"Tacitus is the most profoundly partisan gentleman I have ever met. He is a Republican like Inigo Lopez de Loyola was a Catholic."

Would he defeat Hugh Hewitt in personal combat?

Tangentially: could the five most partisan Republicans assemble into a Giant Transformer BattleBot to fight the counter Giant Democratic Transformer BattleBot?

Please?

I think this comment from Josh Marshall is relevant here:

Virtually all of the arguments the White House is now advancing are transparently ridiculous on their face to anyone who has closely followed this evolving debate over the last three years.

But that doesn't matter. The White House doesn't need to win any debates. What they need is for their core supporters to have something to say. Anything. And to be able to say it loudly. The one thing that would be fatal for the White House from its defenders would be silence.

No End But Victory fits into that idea quite nicely. Nowhere on that site is there evidence of an attempt to change minds about the war in Iraq. It's a transparent attempt to rally the faithful, to keep them occupied.

I would not be surprised if a general order went out from HQ, and Josh Treviño simply chose the subject (the war) and the form (blog activism) that interested him the most.

"Tacitus is the most profoundly partisan gentleman I have ever met. He is a Republican like Inigo Lopez de Loyola was a Catholic."

Would he defeat Hugh Hewitt in personal combat?

Tangentially: could the five most partisan Republicans assemble into a Giant Transformer BattleBot to fight the counter Giant Democratic Transformer BattleBot?

Please?

In any case, the Dolchstosslegende would be to protect the Party (as it should and could be, not as it is) and in his case not a cynical act but a principled and idealistic one.

Is this supposed to make us feel more or less nervous about him, bob?

Speaking of comicbook superheroes:

link

dr ngo:

Re Viet Nam, where Tacitus really misses the boat is thinking that the Viet Nam war was being driven by the VC. The war was a civil war between the NVA and the colonial remnants in the south, which we belatedly decided to prop up. The VC was always an auxilliary of the NVA, and never as important as the regular NVA. The NVA was always the driving force behind the war. And although the VC took a major hit in 1968, it hardly mattered to the overall war effort by the NVA.

To say we "won" because the VC was badly beat up after Tet is nonsensical.

Recent posts on Josh Trevino's various weblogs show that he has, in fact, thrown Bush over the side for the sake of the Republican Party.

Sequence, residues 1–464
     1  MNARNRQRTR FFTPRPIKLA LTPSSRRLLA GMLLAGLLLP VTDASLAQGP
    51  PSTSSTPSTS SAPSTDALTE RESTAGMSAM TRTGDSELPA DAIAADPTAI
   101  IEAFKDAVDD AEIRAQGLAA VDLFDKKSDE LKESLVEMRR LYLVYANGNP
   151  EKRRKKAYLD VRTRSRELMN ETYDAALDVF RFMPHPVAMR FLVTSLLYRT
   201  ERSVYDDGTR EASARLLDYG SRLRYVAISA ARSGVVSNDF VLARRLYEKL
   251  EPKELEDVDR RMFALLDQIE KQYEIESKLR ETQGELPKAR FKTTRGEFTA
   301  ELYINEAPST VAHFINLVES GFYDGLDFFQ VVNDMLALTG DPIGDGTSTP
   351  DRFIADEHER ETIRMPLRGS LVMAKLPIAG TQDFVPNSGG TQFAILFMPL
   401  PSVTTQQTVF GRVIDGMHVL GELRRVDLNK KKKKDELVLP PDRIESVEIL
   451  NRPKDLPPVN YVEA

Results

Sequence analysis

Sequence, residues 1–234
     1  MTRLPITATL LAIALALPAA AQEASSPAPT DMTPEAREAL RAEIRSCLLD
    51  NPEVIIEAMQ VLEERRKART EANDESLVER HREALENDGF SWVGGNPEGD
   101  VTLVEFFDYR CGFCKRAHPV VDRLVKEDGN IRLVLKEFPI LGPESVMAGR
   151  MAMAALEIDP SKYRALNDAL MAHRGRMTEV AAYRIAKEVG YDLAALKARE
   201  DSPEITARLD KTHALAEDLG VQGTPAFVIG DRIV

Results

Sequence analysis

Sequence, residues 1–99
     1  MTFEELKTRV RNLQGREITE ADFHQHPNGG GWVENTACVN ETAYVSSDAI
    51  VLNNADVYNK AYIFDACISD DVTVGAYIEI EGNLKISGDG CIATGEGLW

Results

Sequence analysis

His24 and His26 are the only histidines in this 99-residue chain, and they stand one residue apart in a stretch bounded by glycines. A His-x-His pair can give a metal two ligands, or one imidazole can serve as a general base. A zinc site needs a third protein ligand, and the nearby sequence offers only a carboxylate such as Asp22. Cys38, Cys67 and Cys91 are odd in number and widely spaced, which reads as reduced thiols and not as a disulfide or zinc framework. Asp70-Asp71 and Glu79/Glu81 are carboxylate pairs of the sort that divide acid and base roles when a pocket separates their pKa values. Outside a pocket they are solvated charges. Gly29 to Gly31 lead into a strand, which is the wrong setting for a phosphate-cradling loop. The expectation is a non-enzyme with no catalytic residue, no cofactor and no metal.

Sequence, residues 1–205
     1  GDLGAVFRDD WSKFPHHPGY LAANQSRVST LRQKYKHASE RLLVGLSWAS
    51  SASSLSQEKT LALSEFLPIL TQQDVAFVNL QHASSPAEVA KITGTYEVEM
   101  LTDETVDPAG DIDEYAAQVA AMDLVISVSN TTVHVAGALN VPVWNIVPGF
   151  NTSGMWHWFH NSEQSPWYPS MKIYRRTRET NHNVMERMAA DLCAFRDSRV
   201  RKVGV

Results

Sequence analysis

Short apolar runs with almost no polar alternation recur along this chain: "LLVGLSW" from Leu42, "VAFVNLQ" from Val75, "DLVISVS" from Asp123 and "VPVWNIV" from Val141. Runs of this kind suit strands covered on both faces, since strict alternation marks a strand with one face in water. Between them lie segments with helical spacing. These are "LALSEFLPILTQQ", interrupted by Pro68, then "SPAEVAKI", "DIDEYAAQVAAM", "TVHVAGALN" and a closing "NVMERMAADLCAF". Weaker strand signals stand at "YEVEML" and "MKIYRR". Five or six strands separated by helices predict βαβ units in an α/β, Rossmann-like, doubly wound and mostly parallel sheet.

It gives me no comfort that idealistic principles (all very well) come through five years of reality fully intact right down to the dotted i's.

Besides, since I, the American people (I am the American people, you know, but you aren't), apparently now own Iraq without actually making the decision to purchase, (though I think the mortgage payments seem kind of low), I do find it, umm, irresponsible that Trevino and his Party don't get to own George W. Bush -- all of him and his deeds.

But, no, off they go, to the land of first principles. Where the living is so easy.


"you" is not Bob McManus. Actually he is the only other "American People", besides me. Despite his imperialistic jumpiness. ;)

I would speculate or philosophize that Tacistus and his allies are reaping what they have sown.

Bob McManus' misplaced finger has above defined Travino better than either his critics or defenders have. Josh isn't a Facist. He's a Tacist.

He's a Tacist.

Would that make him Bordurian?

The wheels are long since off. At last
the political battle seems to have been joined.

Kevin Drum thinks the pull out will start after the elections, and Bush will claim victory. I think he is right. After all, what other choice does he have?

Way too much tomfoolery in this thread to address (dr ngo's rape of history chief among them), especially as Typepad has taken to eating my comments at random.

Short, short version which will make several people mad and dig into their much-thumbed hardback Richard Evans tomes for the appropriate metaphor from c.1919-1945:

You don't have to like the President. You don't have to like the way the war is fought. You don't have to think the war was a good idea. You don't have to think the war is going well. You can be a Bush-loathing, things-are-bad-in-Iraq, invasion-was-a-terrible-idea sort of guy, and still be a good American in my book.

But if you are that sort of guy, and your consequent preference is to embrace defeat? Well. That's not "loyal" opposition. Don't expect the rest of us to pretend it is.

Tac:

Is there anyone against the Iraq war who cares about you opinion of them?

Sorry. Probably out of line. Feel free (or freer than otherwise) to delete.

But if you are that sort of guy, and your consequent preference is to embrace defeat? Well. That's not "loyal" opposition. Don't expect the rest of us to pretend it is.

If you are the kind of guy who, faced with an administration who will be in power for the next three years, who has run the US into a disastrous war, and you set up a website and invite people to criticize, not the administration, but those who oppose the administration, then plainly, you have gone beyond the bounds of being a loyal American, and into the madness of leader worship and despair.

The war in Iraq is going badly. You have people posting on your website who seem to think it's the fault of those who have written about Bush's lies and the Bush administration's failure to plan the occupation of Iraq: who blame the disaster of Iraq on Joseph Wilson and Cindy Sheehan.